That's something put to better use in games such as the Cooking Mama franchise and Iron Chef. In these games, the Wii remote becomes your hand as you hold a knife, spoon or pan handle and chop, stir, tilt or flick.

Iron Chef, based on the Food Network show, might as well be called Iron Prep Cook, though. On TV, those Iron Chefs are watching the clock, but they're also focused on creative use of the "secret ingredient." The game strips out the creativity, leaving you to impress the judges solely with your task-execution ability.

The best part of the game may be its use of the voices of commentator Alton Brown, Mark "The Chairman" Dacascos and chefs Mario Batali, Cat Cora and Masaharu Morimoto, along with the same over-the-top music and kitschy formality of the show.

The Iron Chef developers, from Destineer, calibrated the remote to require elbow grease, making the game capture the physical exhaustion of the show. The character animation is disappointingly herky-jerky rather than cinematic, but some of the food is beautiful, such as big caps of portobello mushrooms that from above look unrecognizable until you start slicing them into neat fans on your cutting board.

But you can't really see your dishes coming together, and, unlike in Hell's Kitchen, you don't have a good sense of your performance until judgment time. You battle a series of fictional characters before taking on the celebrity chefs, but you don't see what your competitor is up to, although that might not be so different from competing on the show. "When I'm cooking on 'Iron Chef,' I don't ever look at what the other guy's doing. I don't have time," said Batali, who reported that he and his two sons recently had a blast playing the game with actor Jimmy Fallon.

Cooking Mama and its spinoffs, even as they put you in a Hello Kitty-like environment that anyone over the age of 12 may have difficulty enduring, offer more realistic cooking moments. Tilting the remote to coat a saute pan with butter provides such a vivid connection that you can almost smell the pat as it melts.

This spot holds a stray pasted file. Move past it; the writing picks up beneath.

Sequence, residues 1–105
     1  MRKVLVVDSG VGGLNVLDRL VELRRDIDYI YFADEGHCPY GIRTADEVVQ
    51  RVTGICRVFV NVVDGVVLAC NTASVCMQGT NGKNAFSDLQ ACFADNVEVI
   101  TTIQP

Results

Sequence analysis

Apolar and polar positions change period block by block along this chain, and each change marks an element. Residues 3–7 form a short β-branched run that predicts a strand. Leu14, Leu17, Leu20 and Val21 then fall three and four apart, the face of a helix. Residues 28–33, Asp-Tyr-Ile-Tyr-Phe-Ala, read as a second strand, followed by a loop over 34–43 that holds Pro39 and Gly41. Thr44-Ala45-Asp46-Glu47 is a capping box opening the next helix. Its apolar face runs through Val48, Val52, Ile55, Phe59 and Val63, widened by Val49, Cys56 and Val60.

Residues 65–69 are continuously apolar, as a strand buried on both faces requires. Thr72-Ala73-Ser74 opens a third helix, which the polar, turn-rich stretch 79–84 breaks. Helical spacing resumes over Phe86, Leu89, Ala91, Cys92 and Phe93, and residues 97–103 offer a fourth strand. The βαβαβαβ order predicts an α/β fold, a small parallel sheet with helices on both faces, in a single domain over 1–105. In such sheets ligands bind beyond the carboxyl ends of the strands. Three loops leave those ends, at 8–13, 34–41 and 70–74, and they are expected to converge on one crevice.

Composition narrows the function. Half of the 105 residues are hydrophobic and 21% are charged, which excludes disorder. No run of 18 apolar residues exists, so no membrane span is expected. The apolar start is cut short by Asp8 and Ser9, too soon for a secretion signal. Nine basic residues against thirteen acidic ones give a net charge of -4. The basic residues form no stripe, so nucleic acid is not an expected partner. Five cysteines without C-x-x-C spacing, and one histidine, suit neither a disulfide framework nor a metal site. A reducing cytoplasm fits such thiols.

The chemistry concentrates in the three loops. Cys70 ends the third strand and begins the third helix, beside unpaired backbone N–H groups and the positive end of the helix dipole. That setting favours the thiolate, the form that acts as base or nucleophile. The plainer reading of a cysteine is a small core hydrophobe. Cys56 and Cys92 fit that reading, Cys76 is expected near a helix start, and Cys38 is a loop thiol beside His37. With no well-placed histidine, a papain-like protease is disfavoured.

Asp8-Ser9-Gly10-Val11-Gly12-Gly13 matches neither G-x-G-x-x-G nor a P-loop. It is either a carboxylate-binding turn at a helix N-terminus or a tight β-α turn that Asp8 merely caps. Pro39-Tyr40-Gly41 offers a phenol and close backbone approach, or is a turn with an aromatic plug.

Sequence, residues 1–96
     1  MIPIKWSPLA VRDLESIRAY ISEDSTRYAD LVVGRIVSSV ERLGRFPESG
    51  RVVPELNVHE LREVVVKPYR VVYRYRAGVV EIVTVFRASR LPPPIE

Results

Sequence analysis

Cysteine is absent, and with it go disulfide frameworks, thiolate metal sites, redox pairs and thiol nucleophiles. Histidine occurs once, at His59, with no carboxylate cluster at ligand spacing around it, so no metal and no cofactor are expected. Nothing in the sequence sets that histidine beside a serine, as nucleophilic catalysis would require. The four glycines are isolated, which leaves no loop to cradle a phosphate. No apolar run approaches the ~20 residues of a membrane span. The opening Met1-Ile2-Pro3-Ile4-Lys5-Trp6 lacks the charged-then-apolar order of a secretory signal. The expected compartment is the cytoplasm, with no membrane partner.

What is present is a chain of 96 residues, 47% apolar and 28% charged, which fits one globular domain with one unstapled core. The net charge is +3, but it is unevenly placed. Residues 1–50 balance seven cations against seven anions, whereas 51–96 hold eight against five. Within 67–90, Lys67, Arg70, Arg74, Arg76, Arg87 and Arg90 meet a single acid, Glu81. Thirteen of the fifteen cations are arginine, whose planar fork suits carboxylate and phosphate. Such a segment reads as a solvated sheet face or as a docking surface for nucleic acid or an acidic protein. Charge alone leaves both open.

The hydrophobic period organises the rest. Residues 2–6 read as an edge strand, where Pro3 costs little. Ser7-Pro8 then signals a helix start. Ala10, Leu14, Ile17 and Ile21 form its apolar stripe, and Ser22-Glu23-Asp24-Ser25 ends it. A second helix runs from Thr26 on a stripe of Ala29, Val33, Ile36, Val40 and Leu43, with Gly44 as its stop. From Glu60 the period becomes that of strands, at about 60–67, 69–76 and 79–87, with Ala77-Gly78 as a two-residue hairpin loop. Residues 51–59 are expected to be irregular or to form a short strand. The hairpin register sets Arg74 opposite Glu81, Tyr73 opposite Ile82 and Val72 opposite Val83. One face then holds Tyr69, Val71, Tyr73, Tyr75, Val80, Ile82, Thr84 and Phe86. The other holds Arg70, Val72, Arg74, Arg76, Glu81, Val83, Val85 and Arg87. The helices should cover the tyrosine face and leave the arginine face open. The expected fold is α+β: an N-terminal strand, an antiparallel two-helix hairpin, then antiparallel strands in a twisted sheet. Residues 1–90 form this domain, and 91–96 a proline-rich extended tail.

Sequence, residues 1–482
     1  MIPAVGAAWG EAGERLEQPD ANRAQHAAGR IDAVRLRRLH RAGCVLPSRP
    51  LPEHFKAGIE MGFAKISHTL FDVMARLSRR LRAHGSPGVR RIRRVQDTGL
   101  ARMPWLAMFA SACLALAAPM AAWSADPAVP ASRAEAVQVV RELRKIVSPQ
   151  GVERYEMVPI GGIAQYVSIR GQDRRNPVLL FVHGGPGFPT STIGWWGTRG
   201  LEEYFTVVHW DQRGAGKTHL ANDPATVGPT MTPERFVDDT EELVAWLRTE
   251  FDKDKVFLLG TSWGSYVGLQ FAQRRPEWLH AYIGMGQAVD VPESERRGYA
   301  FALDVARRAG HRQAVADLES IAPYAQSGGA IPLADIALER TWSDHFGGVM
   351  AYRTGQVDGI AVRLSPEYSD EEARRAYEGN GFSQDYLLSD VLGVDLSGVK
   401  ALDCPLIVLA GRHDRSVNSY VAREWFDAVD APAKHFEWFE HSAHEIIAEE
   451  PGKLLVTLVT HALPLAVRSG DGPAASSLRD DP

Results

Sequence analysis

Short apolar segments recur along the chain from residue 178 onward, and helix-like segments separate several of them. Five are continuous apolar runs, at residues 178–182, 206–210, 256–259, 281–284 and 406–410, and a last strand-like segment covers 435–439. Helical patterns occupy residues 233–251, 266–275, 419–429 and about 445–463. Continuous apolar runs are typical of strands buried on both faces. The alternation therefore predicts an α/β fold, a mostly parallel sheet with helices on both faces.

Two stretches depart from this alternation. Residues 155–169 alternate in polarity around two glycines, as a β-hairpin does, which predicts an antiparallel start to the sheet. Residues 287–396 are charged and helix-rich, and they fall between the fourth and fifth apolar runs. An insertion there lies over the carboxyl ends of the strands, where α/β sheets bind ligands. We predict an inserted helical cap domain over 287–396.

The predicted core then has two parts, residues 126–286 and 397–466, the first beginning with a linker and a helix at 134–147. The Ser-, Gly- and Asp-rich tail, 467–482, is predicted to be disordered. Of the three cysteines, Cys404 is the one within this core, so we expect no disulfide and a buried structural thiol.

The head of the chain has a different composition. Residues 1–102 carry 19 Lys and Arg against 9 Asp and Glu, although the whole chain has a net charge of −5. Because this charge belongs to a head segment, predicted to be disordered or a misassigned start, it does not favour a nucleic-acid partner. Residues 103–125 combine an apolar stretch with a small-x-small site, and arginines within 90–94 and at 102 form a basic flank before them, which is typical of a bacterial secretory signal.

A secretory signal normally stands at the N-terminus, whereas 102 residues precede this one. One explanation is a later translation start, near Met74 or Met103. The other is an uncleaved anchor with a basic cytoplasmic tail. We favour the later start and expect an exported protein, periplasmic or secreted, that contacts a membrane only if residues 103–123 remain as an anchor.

In one game, the line between fantasy and reality gets particularly blurry. What's Cooking? Jamie Oliver, a game for the handheld DS that doubles as an electronic cookbook, lets you navigate a hyper-realistic kitchen, deciding which utensils and pans to use and how to do so in following Oliver's recipes. Poaching shrimp is almost excruciatingly exacting: You have to move shrimp from pantry to countertop and a pot from pantry to sink. Then you turn a faucet on and off to fill the pot with water, drag it to a burner, turn up the heat, wait until the water boils, uncover the pot, drop in the shrimp, wait for them to turn pink, then pull them out.

You also can put together dishes of your own, and the device tracks the ingredients and amounts and writes a recipe as you work. It's all beautifully designed, but as in Iron Chef and Cooking Mama, after an hour or two of chopping, slicing, grilling, boiling and mixing, you start to wonder: Shouldn't I be cooking something I can actually eat for dinner?

Even Alton Brown hinted at such doubts, although he said his 9-year-old daughter, Zoe, couldn't put down the DS version of Iron Chef. "If you had told me a few years ago we'd be talking about food video games, I'd have thought you were crazy," he said. "Why would you stand in front of your TV and pretend to chop an onion when you can go into the kitchen and chop a real onion?"

Excellent question, and one for which Kyle Orland, author of "Wii for Dummies," had an immediate answer. "Put me in front of a real onion, and I'll make a mess of it," he said. "But in Cooking Mama, I can chop it perfectly every time."